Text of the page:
Jesus’ family tree

Luke 3: 23-38

Now when Jesus began his work he was about thirty years old, the son,
as people thought, of Joseph….

son of Heli, son of Matthat, son of Levi, son of Melchi, son of Jannai, son of Joseph, son of Mattathiah, son of Amos, son of Nahum, son of Esli, son of Naggai, son of Maath, son of Mattathiah, son of Semein, son of Josech, son of Joda, son of Johanan, son of Rhesa, son of Zerubbabel, son of Shealtiel, son of Neri, son of Melchi, son of Addi, son of Cosam, son of Elmadam, son or Er, son of Joshua, son of Eliezeer, son of Jorim, son of Matthat, son of Levi, son of Symeon, son of Judah, son of Joseph, son of Jonam, son of Eliabim, son of Melea, son of Menna, son of Mattatha, son of Nathan, son of David, son of Jesse, son of Obed, son of Boaz, son of Salmon, son of Nahshon, son of Amminadab, son of Arni, son of Hezron, son of Perez, son of Judah, son of Jacob, son of Isaac, son of Abraham, son of Terah, son of Nahor, son of Serug, son of Reu, son of Peleg, son of Eber, son of Shelah, son of Cainan, son of Arpachshad, son of Shem, son of Noah, son of Lamech, son of Methuselah, son of Enoch, son of Jared, son of Mahalaleel, son of Cainan, son of Enosh, son of Seth, son of Adam, son of God.

Son of: Why was this list important to Luke? *

Thoughts on seeing the whole pictureDonna Ross

Tracing our own DNA back into the distant past has become possible in the 21st century, and millions of people are now doing just that. People who were adopted as children are discovering their birth parents; people who thought they knew their family history are discovering facts (and secrets) they never knew. We may read Jesus’ genealogy and think, “Who really cares?” But the Jews cared very much, and it turns out that we do, too.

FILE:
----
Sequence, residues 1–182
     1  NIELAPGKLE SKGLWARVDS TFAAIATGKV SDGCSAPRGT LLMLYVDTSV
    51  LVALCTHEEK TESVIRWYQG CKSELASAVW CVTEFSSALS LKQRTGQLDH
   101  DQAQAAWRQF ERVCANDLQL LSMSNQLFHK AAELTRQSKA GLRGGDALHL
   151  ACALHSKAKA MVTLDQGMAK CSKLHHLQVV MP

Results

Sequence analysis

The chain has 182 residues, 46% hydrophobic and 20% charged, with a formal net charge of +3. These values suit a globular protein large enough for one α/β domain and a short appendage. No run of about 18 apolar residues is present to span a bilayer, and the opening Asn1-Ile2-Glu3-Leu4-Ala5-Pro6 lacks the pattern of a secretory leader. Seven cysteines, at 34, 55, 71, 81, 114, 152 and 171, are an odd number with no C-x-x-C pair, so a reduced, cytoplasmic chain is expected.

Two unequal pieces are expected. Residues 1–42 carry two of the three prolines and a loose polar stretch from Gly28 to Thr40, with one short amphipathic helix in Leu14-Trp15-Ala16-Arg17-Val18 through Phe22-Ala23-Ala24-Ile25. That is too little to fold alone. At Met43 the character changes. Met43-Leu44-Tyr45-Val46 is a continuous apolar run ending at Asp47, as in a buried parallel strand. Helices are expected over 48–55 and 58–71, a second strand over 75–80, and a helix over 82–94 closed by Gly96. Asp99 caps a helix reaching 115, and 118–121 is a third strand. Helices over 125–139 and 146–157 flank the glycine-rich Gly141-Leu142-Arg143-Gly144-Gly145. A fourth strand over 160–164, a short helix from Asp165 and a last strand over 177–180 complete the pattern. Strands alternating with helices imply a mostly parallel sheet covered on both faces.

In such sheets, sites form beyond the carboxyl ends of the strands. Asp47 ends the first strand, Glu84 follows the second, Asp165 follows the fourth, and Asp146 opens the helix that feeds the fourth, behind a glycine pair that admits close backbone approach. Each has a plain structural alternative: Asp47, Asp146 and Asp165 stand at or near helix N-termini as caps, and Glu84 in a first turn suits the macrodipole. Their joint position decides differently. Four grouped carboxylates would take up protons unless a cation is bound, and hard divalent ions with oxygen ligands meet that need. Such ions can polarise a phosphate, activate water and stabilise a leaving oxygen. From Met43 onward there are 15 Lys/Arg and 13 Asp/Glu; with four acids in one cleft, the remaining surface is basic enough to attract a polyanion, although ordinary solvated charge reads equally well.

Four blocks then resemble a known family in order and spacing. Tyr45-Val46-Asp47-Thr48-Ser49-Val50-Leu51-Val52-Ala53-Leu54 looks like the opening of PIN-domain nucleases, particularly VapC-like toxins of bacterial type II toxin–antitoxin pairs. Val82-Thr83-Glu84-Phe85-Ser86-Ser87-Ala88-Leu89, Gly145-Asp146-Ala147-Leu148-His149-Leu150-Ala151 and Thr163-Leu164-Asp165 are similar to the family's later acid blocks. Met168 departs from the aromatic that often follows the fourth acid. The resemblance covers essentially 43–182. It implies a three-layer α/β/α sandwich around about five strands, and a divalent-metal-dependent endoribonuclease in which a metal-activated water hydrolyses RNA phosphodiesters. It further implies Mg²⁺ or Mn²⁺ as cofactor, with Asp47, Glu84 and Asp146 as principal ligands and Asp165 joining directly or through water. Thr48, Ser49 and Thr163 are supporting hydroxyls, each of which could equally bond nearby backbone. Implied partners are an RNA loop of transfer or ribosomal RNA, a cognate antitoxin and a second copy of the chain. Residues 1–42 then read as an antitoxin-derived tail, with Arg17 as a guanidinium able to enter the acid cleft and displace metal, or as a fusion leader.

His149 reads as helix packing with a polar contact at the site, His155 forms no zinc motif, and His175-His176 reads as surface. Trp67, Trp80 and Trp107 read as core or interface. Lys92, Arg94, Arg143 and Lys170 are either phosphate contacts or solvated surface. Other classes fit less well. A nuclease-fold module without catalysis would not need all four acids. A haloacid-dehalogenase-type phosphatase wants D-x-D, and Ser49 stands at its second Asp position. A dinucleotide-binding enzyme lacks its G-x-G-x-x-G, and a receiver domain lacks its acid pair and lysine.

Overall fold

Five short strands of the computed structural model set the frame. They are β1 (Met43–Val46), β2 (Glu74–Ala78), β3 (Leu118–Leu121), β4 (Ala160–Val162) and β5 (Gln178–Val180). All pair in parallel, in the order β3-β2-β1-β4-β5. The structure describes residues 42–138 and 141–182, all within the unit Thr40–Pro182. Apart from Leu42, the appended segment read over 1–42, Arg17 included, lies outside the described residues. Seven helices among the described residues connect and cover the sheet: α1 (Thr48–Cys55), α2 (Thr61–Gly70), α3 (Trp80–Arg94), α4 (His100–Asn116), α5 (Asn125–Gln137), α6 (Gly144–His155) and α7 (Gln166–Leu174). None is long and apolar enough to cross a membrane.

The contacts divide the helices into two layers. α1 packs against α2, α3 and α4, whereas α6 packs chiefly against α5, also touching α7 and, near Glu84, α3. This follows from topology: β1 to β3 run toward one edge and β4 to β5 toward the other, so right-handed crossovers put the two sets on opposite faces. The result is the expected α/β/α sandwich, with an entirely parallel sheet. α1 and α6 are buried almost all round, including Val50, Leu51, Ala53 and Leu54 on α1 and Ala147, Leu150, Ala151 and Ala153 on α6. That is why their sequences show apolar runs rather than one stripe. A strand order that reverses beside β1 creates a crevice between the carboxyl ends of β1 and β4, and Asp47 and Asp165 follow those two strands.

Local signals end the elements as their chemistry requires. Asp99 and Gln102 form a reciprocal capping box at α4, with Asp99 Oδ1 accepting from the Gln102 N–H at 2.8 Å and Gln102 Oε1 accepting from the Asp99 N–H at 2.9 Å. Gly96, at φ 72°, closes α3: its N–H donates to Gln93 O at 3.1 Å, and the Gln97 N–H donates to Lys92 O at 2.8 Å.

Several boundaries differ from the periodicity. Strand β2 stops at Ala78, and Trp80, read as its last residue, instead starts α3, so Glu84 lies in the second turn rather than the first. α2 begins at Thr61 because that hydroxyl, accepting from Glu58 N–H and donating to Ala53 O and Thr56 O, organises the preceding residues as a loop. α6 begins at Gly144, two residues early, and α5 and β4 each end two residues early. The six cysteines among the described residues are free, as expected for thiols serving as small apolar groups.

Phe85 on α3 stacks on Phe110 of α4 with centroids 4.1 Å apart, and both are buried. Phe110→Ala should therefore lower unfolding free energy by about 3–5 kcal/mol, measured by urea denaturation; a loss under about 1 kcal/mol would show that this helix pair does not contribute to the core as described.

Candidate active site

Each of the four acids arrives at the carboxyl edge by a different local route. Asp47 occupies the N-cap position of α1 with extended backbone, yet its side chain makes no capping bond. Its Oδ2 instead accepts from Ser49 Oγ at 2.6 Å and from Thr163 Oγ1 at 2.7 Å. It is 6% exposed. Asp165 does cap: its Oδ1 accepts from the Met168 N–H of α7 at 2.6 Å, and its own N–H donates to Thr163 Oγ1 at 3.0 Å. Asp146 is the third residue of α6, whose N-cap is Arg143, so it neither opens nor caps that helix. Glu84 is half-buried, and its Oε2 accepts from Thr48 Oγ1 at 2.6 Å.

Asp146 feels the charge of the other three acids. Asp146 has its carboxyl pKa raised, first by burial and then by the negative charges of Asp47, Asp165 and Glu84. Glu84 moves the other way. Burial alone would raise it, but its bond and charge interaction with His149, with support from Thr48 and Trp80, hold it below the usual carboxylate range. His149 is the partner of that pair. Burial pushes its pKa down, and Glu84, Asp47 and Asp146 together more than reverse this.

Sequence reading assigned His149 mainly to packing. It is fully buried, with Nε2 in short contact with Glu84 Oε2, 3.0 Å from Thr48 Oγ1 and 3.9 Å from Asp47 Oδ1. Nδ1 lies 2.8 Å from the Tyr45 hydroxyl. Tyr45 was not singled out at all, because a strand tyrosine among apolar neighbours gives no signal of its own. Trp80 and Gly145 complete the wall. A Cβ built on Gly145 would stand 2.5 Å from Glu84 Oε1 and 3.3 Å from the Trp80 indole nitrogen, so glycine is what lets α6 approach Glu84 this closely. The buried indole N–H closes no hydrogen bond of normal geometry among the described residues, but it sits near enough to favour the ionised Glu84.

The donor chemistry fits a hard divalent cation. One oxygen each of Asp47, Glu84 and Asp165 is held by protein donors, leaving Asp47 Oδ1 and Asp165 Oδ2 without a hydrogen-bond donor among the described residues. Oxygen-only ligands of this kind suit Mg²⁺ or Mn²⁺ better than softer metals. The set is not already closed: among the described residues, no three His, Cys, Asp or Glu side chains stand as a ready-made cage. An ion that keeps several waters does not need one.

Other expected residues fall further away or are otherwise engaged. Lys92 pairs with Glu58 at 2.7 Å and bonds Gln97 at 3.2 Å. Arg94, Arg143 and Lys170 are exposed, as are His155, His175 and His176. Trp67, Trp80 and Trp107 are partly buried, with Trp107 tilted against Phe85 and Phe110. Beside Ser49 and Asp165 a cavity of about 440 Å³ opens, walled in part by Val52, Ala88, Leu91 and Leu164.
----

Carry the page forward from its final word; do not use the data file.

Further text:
How odd, though, that knowing our own DNA (99.9% of which we share with every human on earth) can lead us to concentrate on the .1% (our own particular ancestors) without remembering that we are all connected.

*Son of:

Matthew’s gospel begins by tracing ancestry back to Abraham (see Matthew 1:2f), but Luke traces it all the way back to Adam, the ancestor of all human beings. Luke’s story of Jesus links him to every person on earth, not just to his Jewish ancestors.

John baptizes Jesus

Baptism of Jesus – Jay Bonnell, 20th c.

Luke 3:21-22

During a general baptism of the people, when Jesus too had been baptized and was praying, heaven opened and the Holy Spirit descended on him in bodily form like a dove; and there came a voice from heaven, “Thou art my Son, my Beloved; on thee my favor rests.”

Dove: How is the Holy Spirit like a dove?

Thoughts on seeing the whole pictureDonna Ross

How does the Holy Spirit work?

From the gospel writers to artists through the centuries, the Holy Spirit has always been portrayed as a dove. The dove, however, is always and only a metaphor. No words, no images can ever fully convey how the Spirit works.